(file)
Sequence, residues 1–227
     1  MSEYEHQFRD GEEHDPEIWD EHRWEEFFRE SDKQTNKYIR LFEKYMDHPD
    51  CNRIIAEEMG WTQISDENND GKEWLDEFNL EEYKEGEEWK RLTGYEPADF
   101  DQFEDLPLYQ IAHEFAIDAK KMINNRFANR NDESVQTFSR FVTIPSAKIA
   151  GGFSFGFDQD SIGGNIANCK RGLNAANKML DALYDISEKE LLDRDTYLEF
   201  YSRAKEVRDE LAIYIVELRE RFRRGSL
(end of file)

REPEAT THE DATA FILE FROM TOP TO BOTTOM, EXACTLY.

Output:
Sequence, residues 1–227
     1  MSEYEHQFRD GEEHDPEIWD EHRWEEFFRE SDKQTNKYIR LFEKYMDHPD
    51  CNRIIAEEMG WTQISDENND GKEWLDEFNL EEYKEGEEWK RLTGYEPADF
   101  DQFEDLPLYQ IAHEFAIDAK KMINNRFANR NDESVQTFSR FVTIPSAKIA
   151  GGFSFGFDQD SIGGNIANCK RGLNAANKML DALYDISEKE LLDRDTYLEF
   201  YSRAKEVRDE LAIYIVELRE RFRRGSL